Thinking of buying a drone? Hong Kong watchdog advises you to be wary of a soaring price tag
Consumer watchdog reveals cheaper Mavic Pro by Shenzhen-based DJI passed tests with flying colours
Spending a sky-high amount on a drone won’t necessarily land you the best on the market, a city watchdog has discovered
The Consumer Council made its observation on Tuesday after testing 11 drone models for their flight performance, filming quality, safety and other attributes.
The council also called on authorities to speed up a study into tightening the regulation of drone operations, which are growing in popularity among city residents.
Conducted between March and June, the tests covered four models weighing 1kg or less, and seven heavier models.
Both categories fall within the definition of recreational operations by the Civil Aviation Department, which currently exempts all drones weighing 7kg or less from requiring a permit.
The best performer was found to be the Mavic Pro by Shenzhen-based DJI, which earned 41/ 2 out of five stars.
The popular drone scored full marks on flight control, stability, as well as filming quality.
The basic model is on sale for HK$7,759, 25 per cent cheaper than the most expensive model tested, GoPro Karma, which carries a HK$10,380 price tag.
The Karma was also the heaviest of the 11 models at nearly 2kg.
In terms of battery performance, the Parrot Bebop 2 FPV triumphed with around 25 minutes of flight time before the critical battery warning was triggered, while the Mavic Pro and the Phantom 3 Standard – also by DJI – were the only other models to last longer than 20 minutes.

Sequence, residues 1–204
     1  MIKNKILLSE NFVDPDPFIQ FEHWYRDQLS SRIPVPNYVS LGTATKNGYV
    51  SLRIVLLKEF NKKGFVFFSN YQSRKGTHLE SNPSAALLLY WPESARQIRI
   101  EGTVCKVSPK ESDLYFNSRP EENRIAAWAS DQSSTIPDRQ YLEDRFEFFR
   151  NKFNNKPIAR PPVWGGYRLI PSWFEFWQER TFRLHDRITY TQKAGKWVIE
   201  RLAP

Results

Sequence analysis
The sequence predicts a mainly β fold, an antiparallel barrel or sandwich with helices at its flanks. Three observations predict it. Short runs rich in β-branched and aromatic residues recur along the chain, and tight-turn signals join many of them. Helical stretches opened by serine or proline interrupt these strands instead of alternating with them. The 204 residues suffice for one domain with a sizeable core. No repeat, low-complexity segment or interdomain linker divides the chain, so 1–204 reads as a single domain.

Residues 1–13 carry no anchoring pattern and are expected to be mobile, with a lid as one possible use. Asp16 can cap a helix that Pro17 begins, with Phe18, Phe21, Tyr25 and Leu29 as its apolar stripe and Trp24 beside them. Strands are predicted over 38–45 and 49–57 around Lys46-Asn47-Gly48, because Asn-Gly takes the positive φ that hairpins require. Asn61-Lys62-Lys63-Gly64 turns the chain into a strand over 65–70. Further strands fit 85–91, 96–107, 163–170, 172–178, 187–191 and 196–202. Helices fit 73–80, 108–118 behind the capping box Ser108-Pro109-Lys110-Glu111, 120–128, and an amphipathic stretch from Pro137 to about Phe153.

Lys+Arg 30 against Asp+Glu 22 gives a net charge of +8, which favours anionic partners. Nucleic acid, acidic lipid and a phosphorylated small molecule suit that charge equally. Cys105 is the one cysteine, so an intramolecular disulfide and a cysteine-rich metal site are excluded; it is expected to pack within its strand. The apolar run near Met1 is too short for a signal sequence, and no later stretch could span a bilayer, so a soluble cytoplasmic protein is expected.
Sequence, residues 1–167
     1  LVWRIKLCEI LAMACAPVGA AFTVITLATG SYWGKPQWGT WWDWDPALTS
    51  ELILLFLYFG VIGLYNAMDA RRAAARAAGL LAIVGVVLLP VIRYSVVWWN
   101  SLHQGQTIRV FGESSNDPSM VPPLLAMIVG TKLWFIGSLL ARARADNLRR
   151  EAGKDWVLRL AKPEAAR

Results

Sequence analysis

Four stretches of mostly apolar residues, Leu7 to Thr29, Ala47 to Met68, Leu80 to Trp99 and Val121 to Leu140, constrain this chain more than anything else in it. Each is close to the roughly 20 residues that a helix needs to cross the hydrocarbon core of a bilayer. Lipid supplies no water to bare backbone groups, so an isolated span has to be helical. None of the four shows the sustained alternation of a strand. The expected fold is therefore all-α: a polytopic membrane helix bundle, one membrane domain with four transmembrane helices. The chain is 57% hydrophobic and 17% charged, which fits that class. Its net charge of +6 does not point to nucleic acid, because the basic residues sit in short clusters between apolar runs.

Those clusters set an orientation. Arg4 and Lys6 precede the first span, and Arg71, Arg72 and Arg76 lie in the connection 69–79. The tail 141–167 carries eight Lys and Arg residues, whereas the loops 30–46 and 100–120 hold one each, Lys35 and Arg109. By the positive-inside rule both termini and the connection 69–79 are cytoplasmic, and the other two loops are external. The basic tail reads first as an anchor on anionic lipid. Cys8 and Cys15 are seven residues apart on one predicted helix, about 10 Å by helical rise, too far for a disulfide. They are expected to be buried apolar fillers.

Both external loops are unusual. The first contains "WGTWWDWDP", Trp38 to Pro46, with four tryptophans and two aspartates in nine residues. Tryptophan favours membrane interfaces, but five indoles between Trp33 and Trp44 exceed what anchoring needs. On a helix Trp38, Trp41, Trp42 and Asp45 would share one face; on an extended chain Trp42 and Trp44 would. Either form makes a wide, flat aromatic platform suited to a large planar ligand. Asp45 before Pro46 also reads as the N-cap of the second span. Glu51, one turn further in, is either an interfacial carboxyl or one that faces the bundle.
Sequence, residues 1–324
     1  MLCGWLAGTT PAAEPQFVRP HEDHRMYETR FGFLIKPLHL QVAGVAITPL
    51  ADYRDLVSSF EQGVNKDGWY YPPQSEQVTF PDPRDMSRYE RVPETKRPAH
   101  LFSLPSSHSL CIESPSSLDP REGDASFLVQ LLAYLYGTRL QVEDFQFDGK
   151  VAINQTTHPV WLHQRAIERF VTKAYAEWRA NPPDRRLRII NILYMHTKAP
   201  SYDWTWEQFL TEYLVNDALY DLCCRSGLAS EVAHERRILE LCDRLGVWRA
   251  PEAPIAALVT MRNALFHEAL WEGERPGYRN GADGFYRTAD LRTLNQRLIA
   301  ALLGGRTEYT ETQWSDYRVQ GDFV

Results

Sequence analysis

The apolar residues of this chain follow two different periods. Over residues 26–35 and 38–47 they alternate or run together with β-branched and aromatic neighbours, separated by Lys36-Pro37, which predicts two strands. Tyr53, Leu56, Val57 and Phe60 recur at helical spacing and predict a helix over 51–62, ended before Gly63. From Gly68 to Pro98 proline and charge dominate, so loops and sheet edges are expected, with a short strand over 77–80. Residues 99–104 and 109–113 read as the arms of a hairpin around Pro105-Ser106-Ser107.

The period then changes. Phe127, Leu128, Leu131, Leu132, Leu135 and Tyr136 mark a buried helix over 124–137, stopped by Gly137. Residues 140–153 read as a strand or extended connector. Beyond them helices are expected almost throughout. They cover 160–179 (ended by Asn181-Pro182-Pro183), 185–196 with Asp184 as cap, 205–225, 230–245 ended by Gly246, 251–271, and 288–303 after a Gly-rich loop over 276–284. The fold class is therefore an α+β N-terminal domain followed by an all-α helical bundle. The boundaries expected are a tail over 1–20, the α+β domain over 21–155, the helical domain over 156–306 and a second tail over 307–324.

Apart from hardware specifications, the watchdog urged consumers to operate drones with caution and abide by the law.
At present, the flying of drones is regulated by the Air Navigation (Hong Kong) Order and the Air Transport (Licensing of Air Services) Regulations, both umbrella ordinances not designed with the devices in mind.
A study is being conducted by the Civil Aviation Department into the possible tightening of the rules with reference to laws from elsewhere.
“For example, a registration system was launched on the mainland in June to help authorities trace the operator,” said Wong Kam-fai, chairman of the council’s research and testing committee.
Labels must be attached to drones in Germany, and Britain was in the process of drafting legislation making the attendance of potential users mandatory at introductory courses, he said.
Wong also noted there were privacy concerns when drones were flown near residential areas, and he called on a joint effort by government departments to tackle these.